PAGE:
United States-based corporation. GBR's chairman Peter Harrison has already
pledged £20 million in funding but he has said that he does not want to go
it alone without sponsorship for a second challenge.

There are six confirmed challengers for the 2007 America's Cup in Valencia,
where the Swiss Alinghi team will defend the Cup they won in Auckland last
year: Larry Ellison's BMW Oracle Racing, Italian teams +39 and Luna Rossa,
South Africa's Shosholosa, Emirates Team New Zealand and France's K
Challenge. - Tim Jeffery, Daily Telegraph, full story:

"Russell Coutts's salary ranks among the top 20 in Switzerland. He is as
well-paid as the greatest football stars of today. I cannot divulge the
terms of the contract, but you'd be shocked. His salary does not lag behind
that of the main Swiss CEO's. The truth is that with Michel Bonnefous, our
interest lies in preparing a beautiful event in 2007, while Russell Coutts
wanted to make a lot of money. In November, he already received 75% of the
enormous salary we agreed upon for the 2007 Cup. Russell Coutts and Alinghi
Holding will find themselves in court. I will fight with all my strength to
defend principles of integrity and loyalty. If people understand this,
great; if not, too bad. But I know that this is the only way to build the
future and to protect the team." - Ernesto Bertarelli, from a posting on
the Cup in Europe website quoting TSR & L'Hebdo. Full story:

Roy Disney's maxZ86 Pyewacket (USA) took line honors and was the corrected
time winner in the first race in racing division of the Maxi Yacht Rolex
Cup. Pyewacket beat Randall Pittman's Genuine Risk by just 38 seconds
scratch, but corrected out 12+ minutes ahead of Pittman's canting keel
Dubois 90. Bob Oatley's R/P 77 Wild Oats corrected into second place,
leaving Genuine Risk in third. Neville Crichton's 90-foot water-ballasted
Alpha Romeo, which was top dog in the Med last year, looked seriously off
the pace next to the new canting keel maxis. Alpha Romeo finished more than
seven minutes behind the shorter Pyewacket and corrected out into sixth
place in the racing division.

For day one of the 33-boat event hosted by Yacht Club Costa Smeralda, the
racing class course was 32 miles, with the cruising and Wally classes
sailed a 22-mile course in winds between 11-16 knots. Luca Bassani's
Tiketitan won the Wally division while Italy's Viriella, owned by Vittorio
Moretti, claimed first in the cruising division. -

Tracy Edwards, the round-the-world yachtswoman, was yesterday given two
more months to settle a £500,000 debt secured against her home as she
prepared to go to the High Court to contest another legal challenge over
her business ventures. A district judge gave Ms Edwards more time to
resolve her dispute with Andrew Pindar, the Yorkshire print firm tycoon,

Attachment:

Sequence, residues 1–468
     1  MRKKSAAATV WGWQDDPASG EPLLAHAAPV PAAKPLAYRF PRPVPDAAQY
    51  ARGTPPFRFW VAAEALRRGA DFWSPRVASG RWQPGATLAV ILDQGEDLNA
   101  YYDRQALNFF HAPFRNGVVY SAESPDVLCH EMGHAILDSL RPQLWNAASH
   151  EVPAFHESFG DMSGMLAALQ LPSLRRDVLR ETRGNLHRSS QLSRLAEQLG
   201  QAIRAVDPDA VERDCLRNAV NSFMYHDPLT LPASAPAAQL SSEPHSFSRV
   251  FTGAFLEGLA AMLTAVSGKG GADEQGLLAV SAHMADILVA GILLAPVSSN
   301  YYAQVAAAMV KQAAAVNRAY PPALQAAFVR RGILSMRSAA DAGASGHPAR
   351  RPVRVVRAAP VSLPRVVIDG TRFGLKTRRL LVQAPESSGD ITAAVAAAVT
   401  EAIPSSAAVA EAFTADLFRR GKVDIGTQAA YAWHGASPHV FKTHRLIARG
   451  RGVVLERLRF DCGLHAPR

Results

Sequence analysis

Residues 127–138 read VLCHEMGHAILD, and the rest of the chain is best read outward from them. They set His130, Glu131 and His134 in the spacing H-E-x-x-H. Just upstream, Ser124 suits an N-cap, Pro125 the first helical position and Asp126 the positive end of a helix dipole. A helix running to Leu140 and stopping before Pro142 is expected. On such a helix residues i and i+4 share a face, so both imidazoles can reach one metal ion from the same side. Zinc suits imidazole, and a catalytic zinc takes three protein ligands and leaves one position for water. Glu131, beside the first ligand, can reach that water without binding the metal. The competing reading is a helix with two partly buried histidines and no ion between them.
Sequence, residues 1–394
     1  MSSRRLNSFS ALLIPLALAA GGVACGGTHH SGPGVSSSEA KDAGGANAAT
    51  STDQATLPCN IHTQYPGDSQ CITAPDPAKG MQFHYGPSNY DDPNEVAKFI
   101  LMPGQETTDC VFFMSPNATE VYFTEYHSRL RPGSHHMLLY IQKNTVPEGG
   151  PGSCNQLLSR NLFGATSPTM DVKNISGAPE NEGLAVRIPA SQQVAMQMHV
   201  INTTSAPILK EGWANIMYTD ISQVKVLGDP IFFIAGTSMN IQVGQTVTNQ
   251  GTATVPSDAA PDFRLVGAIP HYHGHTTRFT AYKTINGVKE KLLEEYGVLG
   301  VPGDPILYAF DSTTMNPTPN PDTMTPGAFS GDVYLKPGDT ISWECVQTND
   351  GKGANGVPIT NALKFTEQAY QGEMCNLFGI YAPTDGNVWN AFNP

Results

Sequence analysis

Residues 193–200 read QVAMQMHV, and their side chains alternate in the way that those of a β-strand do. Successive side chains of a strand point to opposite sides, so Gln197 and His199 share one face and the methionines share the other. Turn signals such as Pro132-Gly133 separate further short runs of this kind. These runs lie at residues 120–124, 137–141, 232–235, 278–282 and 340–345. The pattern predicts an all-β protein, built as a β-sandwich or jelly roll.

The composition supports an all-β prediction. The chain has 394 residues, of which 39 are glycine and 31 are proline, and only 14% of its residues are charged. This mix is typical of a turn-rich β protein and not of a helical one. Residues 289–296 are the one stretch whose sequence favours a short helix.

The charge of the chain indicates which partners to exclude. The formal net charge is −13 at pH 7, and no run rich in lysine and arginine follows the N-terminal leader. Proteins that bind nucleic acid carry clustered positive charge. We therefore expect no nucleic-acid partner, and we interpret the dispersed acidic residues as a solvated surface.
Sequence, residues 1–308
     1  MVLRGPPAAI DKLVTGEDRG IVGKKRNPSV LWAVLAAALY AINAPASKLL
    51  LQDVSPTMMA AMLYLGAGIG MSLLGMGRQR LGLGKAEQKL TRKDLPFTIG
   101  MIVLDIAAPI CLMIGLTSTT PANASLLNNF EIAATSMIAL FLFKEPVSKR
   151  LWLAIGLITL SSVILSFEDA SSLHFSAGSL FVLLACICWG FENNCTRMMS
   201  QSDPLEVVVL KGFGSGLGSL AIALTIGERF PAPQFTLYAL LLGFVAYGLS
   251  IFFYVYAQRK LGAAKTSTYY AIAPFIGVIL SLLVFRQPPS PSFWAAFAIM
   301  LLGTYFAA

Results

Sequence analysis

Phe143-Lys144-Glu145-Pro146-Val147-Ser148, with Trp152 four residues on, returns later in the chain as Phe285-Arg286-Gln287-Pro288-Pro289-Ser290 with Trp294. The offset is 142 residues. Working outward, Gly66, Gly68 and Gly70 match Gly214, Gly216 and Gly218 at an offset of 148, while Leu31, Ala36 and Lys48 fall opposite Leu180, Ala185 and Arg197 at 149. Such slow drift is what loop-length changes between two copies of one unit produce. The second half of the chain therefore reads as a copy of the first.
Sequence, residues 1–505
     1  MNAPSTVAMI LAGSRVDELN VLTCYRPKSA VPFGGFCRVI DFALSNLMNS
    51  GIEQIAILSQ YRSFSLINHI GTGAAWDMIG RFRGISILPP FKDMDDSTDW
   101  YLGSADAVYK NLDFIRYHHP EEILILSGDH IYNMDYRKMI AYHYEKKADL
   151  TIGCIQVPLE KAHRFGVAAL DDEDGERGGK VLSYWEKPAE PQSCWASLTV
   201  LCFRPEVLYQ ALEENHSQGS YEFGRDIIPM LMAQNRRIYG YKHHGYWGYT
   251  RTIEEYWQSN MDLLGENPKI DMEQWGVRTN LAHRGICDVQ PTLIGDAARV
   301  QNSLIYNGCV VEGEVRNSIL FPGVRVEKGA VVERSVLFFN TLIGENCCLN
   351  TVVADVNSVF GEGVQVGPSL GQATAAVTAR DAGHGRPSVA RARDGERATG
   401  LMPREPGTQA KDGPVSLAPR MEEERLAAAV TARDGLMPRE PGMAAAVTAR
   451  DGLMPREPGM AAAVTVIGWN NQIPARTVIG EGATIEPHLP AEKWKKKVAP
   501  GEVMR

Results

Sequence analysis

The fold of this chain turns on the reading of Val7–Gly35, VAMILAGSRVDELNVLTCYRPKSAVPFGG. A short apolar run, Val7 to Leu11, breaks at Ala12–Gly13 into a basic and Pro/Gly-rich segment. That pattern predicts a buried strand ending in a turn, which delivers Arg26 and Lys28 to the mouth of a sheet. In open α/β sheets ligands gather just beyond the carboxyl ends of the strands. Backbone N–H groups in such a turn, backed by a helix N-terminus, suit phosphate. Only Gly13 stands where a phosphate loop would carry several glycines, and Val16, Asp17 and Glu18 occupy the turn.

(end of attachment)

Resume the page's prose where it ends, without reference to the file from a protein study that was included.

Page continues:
about a loan he made to her in 2002 to purchase the £1.1m catamaran, Maiden
II. But if she fails to find the money she could still be forced to sell
the Berkshire house she shares with her four-year-old daughter and her
mother, who suffers from multiple sclerosis. "It is a substantial property
in a fantastic location and no one has a divine right to live in such a
place," said Henry Chapel, a spokesman for Mr Pindar.

John Armistead, also speaking on behalf of Mr Pindar, said after the
hearing: "She has multimillion-pound business opportunities in Qatar. I am
not sure what particular bucket she will get the money from." A private
hearing at Newbury County Court was told that Mr Pindar's loan was secured
against the Edwards's Berkshire home, Burnt Hill House in Yattendon. Both
sides agreed to set 6 November as the latest settlement date. - Jonathan
Brown, The Independent, full story:

* Friday saw the lightest wind of the week in the third annual 18 Skiff
International Regatta at St. Francis YC, and 52-year old John Winning's
Computer Associates team from Australia ran away with victories in the last
two races. Over five days on San Francisco Bay, Winning and his crew of
Euan McNicol and Jack Young won 5 of the 10 races with no finish worse than
third. Final results: 1. Computer Associates, 13; 2. Omega Smeg, Trevor
Barnabas/ Trent Barnabas/ Rob Greuter 18; 3. West Marine, Howard Hamlin/
Mike Martin/ Rod Howell, 18. - Additional information: &
Amazing photo gallery:

* Olympic 470 Gold Medal Winner Paul Foerster honored by his home town at
Rockwall City Hall ceremony. ounty Commissioner Scott Self (himself an
accomplished J22 sailor) read a proclamation from the Mayor and City
Council declaring September 1, Paul Foerster Day in Rockwall. A packed
house included many young sailors who enjoyed visiting with Paul, and
trying on his medals. During his comments, Foerster appeared as a true
Olympian as he humbly thanked all who attended. He encouraged all to get
involved and enjoy the sport of sailing.

* Team New Zealand head into the first regatta (Louis Vuitton Act 1) a
little short in the afterguard department. Finn gold medallist Ben Ainslie
and former Stars and Stripes tactician Terry Hutchinson will not join the
team until next month. Joining Barker in the afterguard next week are Rod
Davis (tactician), Kelvin Harrap (strategist) and Kevin Hall (navigator) -
a group who, apart from this week, had never sailed together. - NZ Herald,

* ISAF has released the first rankings of the new Olympiad following the
conclusion of the Olympic Sailing Competition of the Athens 2004 Olympic
Games last Saturday. Frankly, we stopped reading them when we saw that
Olympic Gold medalists Paul Foerster and Kevin Burnham had moved up to
fifth place, and Star Gold medalist Torben Grael and Marcelo Ferreira were
now ranked #12. (Huh?) If anyone really cares, the new rankings are posted
on the ISAF website. -

Any time you start getting your gear together to go to a regatta, the first
thing on you mind will be your Camet Padded sailing shorts. You may already
own some, but now is the time to get on the Camet web page and look at the
different models and colors available. The 3000, Bermuda, Aruba, Cargo,
Women's 3000 and Ocean shorts are all made out of the fast drying
breathable Supplex,(UV 40+) and with the Cordura seat patch to hold the
foam pad to help you get through those long hours on the rail. Coolmax
shirts, Mylar bags, Rashguards etc.

(Letters selected for publication must include the writer's name and may be